The Torah Montessori School was started in Chicago 6 years ago by Rivkah and Moshe Schack,  who dramatically changed direction in their lives when they felt the need for a different type of education for their child. They sold their accounting firm, completed two years of training, and opened up their own yeshiva based on Montessori ideals. Rivkah says that although there are some areas where Montessori is not a perfect fit, “there is a way to use it to make the most of ‘chinuch l’noar al pi darco (teaching a child according to his needs).” She says this Torah ideal and Montessori fit together perfectly, because that is exactly what the Montessori method does—it allows each child to learn the way he or she needs to.

More locally, Yocheved Sidof, a Brooklyn mother, had the same idea and went to Chicago to ask Rivkah how to start up a Torah Montessori school in Crown Heights, which would combine a deep connection with Torah while encouraging children to learn in their own way. This initiative  got off the ground in 2010. Yocheved  is now directing the Lamplighters Yeshiva. It began with a class of 12 boys ages 3-5, and now also has a 1st and 2nd grade class; next year, they plan to add a girls’ 1st and 2nd grade. The preschool now has girls, ages 3-5, also.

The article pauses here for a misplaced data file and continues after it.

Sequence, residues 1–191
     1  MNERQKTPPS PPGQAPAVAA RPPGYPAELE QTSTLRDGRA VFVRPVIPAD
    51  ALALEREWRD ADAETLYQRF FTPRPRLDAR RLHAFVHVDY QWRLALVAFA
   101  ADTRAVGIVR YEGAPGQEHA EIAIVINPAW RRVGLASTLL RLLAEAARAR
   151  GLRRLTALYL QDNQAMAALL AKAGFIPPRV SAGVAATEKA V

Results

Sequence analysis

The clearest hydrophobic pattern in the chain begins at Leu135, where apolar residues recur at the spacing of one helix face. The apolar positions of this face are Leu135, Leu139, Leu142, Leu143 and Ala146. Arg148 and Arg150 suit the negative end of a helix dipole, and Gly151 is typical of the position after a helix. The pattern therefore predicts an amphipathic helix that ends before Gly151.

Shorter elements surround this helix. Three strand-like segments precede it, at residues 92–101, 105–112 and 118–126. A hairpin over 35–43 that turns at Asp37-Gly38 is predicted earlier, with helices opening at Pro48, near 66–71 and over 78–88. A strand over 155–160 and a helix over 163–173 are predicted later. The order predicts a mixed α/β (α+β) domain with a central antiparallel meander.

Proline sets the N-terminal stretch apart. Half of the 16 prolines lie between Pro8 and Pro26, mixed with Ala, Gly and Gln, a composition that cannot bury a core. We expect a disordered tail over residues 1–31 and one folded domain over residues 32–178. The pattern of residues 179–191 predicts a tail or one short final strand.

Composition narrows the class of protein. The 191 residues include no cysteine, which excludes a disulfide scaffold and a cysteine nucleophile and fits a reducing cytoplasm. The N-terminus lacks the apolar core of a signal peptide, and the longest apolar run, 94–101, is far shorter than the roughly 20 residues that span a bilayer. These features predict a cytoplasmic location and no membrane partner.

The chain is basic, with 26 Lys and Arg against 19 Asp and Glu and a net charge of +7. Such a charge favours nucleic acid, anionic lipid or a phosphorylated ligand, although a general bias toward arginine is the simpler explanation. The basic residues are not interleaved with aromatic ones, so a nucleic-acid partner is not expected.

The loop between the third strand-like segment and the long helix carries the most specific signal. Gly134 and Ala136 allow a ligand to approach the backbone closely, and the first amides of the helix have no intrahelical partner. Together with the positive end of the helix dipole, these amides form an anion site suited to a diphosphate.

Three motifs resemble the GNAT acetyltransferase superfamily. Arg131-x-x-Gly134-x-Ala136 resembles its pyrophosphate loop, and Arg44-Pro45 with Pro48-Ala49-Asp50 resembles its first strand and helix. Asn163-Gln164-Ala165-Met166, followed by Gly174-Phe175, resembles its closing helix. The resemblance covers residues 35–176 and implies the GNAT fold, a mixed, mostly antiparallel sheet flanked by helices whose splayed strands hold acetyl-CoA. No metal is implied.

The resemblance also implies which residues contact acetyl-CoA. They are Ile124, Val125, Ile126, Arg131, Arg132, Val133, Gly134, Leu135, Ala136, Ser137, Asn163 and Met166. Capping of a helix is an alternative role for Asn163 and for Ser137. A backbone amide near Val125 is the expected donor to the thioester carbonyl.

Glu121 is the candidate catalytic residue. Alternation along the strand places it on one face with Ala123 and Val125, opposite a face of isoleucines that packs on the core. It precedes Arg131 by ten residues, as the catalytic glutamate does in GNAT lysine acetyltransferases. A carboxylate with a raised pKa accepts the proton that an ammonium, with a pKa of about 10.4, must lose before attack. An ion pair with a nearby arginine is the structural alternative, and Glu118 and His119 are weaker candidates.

Yocheved is very excited about what this will do for the yeshiva worldShe described Lamplighters as “a Jewish school which employs Montessori methodology to reach every child.” Even though the Yeshiva is a Chabad school, its mission is to revolutionize Jewish education  for the benefit of the whole Jewish community.

Yocheved and the Schacks are working together to bring their message to the world; that you can help each child reach their potential through learning in their own way.

Rivkah travels between New York and Chicago in order to run both schools.  They also ran a five week training seminar for the Lamplighters’ teachers called CAPD—Chinuch Al Pi Darko (Capdtraining.org) this past summer. Rivkah explained that the training should imbue the teacher with a sense that every child needs their own education plan, even for those children who don’t have an IEP. They also do parent education, because  not everyone is willing to try something new.

Yocheved’s current goal is to turn Lamplighters into a model for other Jewish schools.  As Rivkah said, they keep modifying for success; after all, American Montessori International is really about being flexible. The methodology has been specifically modified to accommodate  the fact that the students are learning in multiple languages; in Lamplighters’, Hebrew is the first language taught. The next goals include expanding Lamplighters  through 8th grade, establishing it as a demonstration school and  finding new teaching technologies that can help improve education overall.

The Special Needs Connection

Several aspects of this type of learning mesh well with children with Special Needs. For example, if a child’s main difficulty is  sitting still and concentrating at a teacher-given task, in a Montessori classroom the child is free to move about and to concentrate on his or her particular interests. Also, the child is not required to pass  a formal test, or to cover a specified amount of material within a time limit.